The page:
Nod if these scenarios seem familiar:
You give your client well-articulated instructions and get a blank stare followed by, “So what do you want me to do?”
You give your client a series of cues, but the client’s movements actually get worse because your point is misunderstood.
You have a successful training session one week where the client really seems to click with everything you are saying, but the next week it is as though your coaching had dissolved and the client is right back to those inefficient movements.
A Tufts University study led by Adela Hruby, PhD, MPH, has found that healthy people with the highest magnesium intake were 37% less likely to develop high blood sugar or excess circulating insulin, common precursors to diabetes.
Among people who already had those conditions, those who consumed the most magnesium were 32% less likely to develop diabetes than those consuming the least.
The second association held true even when researchers accounted
for other healthful factors—such as fiber—that often go along with magnesium-rich foods.
It may be time to focus health promotion efforts toward Asian Americans. Research from the Journal of the American College of Cardiology (2014; 64 , 2486–94) says that this population has a significantly high risk of dying from heart disease or stroke.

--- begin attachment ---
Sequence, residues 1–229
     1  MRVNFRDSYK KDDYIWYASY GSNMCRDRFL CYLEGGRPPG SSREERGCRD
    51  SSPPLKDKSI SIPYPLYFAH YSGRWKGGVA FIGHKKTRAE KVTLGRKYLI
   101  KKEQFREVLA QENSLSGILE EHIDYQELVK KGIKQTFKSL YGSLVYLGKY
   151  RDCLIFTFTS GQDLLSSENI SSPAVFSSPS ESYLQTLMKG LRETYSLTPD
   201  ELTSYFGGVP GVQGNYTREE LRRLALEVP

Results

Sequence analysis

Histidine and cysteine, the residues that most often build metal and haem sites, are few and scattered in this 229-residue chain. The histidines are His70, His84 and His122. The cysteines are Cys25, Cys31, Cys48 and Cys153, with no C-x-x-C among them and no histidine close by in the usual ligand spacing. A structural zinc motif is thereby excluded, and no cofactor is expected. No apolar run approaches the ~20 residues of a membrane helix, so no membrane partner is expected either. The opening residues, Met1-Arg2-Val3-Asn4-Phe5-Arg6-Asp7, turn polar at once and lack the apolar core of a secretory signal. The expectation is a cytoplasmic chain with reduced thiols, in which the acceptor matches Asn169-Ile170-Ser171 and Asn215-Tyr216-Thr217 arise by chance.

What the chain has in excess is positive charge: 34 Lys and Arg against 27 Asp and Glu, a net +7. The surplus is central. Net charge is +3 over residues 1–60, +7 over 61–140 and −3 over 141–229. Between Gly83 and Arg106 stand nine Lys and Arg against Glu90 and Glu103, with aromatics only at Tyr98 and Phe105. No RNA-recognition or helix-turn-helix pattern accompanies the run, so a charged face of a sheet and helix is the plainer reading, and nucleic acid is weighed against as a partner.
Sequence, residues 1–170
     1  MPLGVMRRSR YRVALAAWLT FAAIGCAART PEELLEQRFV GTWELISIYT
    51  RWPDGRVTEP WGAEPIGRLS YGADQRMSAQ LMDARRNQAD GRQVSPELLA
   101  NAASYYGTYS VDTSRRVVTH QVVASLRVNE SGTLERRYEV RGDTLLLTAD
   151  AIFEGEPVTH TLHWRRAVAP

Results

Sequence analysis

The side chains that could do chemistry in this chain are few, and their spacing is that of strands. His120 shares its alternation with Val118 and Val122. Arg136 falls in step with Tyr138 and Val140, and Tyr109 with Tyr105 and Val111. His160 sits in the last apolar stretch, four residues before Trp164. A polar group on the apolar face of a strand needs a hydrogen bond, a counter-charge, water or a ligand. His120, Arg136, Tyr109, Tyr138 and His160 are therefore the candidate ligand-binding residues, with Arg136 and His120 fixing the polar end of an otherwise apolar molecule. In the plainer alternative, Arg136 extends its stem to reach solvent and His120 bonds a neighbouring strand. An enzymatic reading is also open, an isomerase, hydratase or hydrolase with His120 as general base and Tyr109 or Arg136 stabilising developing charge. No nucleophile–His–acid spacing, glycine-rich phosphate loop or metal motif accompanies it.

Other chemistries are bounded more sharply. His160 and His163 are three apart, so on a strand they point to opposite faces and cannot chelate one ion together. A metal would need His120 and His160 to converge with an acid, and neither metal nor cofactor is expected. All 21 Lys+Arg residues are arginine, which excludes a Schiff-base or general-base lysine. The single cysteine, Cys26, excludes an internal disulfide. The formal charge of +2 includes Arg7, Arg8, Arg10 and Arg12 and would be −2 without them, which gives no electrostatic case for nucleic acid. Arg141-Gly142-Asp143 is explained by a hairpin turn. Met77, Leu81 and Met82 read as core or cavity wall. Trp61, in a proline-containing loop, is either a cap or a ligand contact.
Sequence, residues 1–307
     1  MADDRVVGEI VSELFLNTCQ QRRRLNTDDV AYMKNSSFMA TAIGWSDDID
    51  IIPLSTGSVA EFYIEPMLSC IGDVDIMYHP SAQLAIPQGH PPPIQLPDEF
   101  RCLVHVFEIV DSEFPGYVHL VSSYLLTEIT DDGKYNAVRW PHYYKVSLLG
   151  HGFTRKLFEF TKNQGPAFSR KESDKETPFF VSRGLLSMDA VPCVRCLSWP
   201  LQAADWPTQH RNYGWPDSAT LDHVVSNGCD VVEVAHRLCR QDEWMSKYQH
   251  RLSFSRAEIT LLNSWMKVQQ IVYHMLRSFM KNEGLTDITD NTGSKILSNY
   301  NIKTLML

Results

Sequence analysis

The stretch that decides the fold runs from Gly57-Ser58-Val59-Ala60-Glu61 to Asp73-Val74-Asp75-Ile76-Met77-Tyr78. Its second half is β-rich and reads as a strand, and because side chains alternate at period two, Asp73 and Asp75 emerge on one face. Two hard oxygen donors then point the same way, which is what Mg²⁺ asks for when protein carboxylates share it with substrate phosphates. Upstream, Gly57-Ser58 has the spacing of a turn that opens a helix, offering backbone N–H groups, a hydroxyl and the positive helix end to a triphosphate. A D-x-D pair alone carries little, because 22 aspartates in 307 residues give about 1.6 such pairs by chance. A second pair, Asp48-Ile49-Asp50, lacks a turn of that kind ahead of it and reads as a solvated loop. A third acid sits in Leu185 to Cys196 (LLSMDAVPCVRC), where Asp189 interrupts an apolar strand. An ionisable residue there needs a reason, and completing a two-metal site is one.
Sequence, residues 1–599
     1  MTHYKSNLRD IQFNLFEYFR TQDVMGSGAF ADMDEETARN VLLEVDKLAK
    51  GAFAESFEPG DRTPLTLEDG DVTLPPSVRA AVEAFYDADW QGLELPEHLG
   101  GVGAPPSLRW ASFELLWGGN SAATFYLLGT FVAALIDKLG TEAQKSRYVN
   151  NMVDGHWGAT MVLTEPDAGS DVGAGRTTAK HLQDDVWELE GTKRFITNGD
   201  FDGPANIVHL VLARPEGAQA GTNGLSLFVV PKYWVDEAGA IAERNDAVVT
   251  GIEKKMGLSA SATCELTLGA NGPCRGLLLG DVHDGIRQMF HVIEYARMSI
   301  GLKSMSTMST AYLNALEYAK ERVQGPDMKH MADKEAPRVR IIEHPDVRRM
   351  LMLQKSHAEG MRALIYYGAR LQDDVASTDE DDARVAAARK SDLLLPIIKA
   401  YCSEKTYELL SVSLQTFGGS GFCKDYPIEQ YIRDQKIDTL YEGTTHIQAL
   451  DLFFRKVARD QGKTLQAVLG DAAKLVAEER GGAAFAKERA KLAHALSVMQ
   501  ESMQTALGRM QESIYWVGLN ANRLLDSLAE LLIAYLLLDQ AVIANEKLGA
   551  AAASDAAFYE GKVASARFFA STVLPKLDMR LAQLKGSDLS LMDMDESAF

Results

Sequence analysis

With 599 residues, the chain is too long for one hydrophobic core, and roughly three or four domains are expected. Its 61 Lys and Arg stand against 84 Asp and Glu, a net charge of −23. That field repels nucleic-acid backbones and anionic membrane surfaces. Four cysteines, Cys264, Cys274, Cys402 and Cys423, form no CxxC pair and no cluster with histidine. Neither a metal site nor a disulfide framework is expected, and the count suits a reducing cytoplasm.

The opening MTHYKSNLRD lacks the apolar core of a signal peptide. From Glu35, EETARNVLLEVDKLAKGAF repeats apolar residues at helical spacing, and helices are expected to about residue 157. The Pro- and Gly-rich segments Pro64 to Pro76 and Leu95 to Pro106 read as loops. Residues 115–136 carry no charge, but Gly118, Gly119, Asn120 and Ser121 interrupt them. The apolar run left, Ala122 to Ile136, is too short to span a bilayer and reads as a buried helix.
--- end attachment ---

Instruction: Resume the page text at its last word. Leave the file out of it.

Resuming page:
Using U.S. census data and death records, researchers examined death rates among the largest Asian subgroups (Asian-Indian, Chinese, Filipino, Japanese, Korean and Vietnamese). They then narrowed their search to deaths caused by heart disease and stroke. Overall, the researchers combed 10,442,034 death records.
Some of us call it “afterburn”—the elevated calorie burning that lasts long after exercise is over. The scientific literature defines it as excess postexercise oxygen consumption, or EPOC (see Figure 1).
For the most part, EPOC represents the body restoring itself from physiological variables elevated by exercise. EPOC is an important physiological phenomenon for fitness professionals because it can play a contributing role in weight management.
In the January issue of IDEA Fitness Journal (2014; 12 , 11), we reported on the significant increase in osteoporotic fractures among men in recent years. A new report shows that losing weight may increase hip fracture risk.
When a person loses weight, have you ever wondered where it goes? Scientists at the University of New South Wales in Australia have put together a calculation to explain the process. And it turns out most expert theories are wrong.
It’s 11:00 pm and cold outside. Mary taps her wrist and sees she is 1,000 steps short of her daily goal. For the last month she has been diligent about hitting her daily activity target. Even though her knee hurts and her body feels drained, she puts on warm clothes and goes for a late-night stroll around her neighborhood.
Highlighting the importance of the mind-body relationship, a new study has found that 7- to 9-year-old participants in an after-school fitness program improved their cognitive skills, enhancing their academic performance.